End-Of-Year Tax Planning


“The plans of the diligent lead surely to abundance and advantage…” Proverbs 21:5.

As we approach the end of year 2015, it is time to make the last minute tax planning before the New Year 2016.  The 2015 year-end tax planning is quite difficult as several advantages deductions and credits provisions have expired in the last tax year 2014.


The coming presidential election may pressure Congress to extend some of the expired provisions in order to gain taxpayer favor and sway the election. However, without the Congress extension, the following provisions will not be available to taxpayers in 2015: (1) the option to elect to deduct state and local sales taxes instead of state and local income taxes, (2) the above the line deductions for tuition and educator expenses, (3) the bonus depreciations, (4) the extended limits to sec 179 depreciation, (5) qualified charitable distribution (which allows taxpayers to make tax-free transfers from IRAs directly to charitable organizations), and (6)  research & development credits.


Taking a different direction for 2015 tax planning, the following tax-saving options may still be available for you:


  • The 2015 standard deduction is $12,600 for Married-filing-jointly taxpayers and $6,300 for single filing status taxpayers. The deduction amounts will be almost the same for year 2016. Taxpayers may consider taking the standard deductions in year 2015 and move the planned year 2015 deductions to year 2016. This method would allow you to have a large itemized deduction for a single year instead.  Also, if your itemized deductions are generally not too much larger than standard deductions, you may consider moving your 2015 year-end charitable donations into early-year 2016.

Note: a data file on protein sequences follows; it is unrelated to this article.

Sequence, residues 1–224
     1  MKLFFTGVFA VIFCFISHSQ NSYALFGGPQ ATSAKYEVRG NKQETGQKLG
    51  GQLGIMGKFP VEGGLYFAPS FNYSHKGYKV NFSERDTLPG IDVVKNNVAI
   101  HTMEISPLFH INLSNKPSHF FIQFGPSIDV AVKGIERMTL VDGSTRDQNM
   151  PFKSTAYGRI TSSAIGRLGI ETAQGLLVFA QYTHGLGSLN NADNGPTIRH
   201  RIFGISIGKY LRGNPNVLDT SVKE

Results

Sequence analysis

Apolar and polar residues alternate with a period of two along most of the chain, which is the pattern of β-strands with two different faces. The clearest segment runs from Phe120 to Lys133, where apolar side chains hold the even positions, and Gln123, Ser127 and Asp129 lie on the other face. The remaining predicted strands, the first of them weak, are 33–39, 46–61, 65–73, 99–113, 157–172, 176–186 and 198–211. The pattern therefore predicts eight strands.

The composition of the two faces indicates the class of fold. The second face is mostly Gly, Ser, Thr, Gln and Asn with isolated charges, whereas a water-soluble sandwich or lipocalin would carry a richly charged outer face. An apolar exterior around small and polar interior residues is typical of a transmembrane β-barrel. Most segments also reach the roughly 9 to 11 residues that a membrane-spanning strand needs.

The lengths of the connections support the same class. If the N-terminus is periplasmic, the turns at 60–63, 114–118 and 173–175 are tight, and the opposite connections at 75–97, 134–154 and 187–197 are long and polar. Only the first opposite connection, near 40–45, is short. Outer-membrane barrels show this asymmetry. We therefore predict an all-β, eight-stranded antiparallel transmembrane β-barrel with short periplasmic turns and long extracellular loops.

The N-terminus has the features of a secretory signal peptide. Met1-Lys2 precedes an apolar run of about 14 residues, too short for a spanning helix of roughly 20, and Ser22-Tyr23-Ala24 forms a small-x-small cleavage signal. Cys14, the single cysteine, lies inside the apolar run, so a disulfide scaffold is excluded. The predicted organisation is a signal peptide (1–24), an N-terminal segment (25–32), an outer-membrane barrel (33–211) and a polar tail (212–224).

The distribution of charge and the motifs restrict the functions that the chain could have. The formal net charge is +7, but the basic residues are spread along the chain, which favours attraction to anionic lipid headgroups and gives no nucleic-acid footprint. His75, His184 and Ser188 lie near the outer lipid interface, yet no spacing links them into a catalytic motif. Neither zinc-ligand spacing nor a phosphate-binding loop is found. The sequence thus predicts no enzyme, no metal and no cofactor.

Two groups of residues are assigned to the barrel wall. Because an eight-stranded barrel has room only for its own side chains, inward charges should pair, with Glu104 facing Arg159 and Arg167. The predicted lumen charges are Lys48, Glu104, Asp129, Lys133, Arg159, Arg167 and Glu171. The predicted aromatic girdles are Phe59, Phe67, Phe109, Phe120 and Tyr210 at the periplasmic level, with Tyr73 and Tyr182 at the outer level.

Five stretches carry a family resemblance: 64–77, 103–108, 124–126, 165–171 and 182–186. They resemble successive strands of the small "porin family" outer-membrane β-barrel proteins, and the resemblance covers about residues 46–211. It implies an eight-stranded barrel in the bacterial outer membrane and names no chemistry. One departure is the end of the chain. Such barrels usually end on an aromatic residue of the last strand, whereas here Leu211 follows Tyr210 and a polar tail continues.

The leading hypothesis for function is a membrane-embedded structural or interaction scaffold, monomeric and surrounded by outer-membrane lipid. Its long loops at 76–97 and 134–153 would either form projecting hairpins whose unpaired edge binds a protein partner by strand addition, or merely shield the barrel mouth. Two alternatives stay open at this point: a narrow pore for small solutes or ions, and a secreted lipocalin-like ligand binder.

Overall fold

• With the lack of favored tax provisions, if you are looking to owe much higher taxes this year, consider increasing a large amount of year-end withholding for federal and state. This method would provide a large state income tax deduction and help you avoid underpayment of estimated tax penalties.


  • Now is the time to sell off the “Loser” securities in your securities portfolio, which are not likely to recover from loss to gain. Even though the capital loss deduction is capped at $3,000, this deduction could potentially save you over $1,000 tax dollars.


  • The penalties for lacking health coverage are getting higher and higher. For instance, the penalty for three or more uninsured household members in year 2015 is $975 and higher, but year 2016 penalties can be $2,085 and higher.  Depending on your household income, the penalties for lack of health insurance coverage can be quite significant. It is a good idea to consider your health insurance coverage now for year 2016.

Again, these are some of the tax-saving options for you to consider.  If you are looking to dig deeper into your situation or would like to know more tax-saving strategies, please feel free to contact us.

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Daniel Lu

Daniel Lu - Certified Public Accountant

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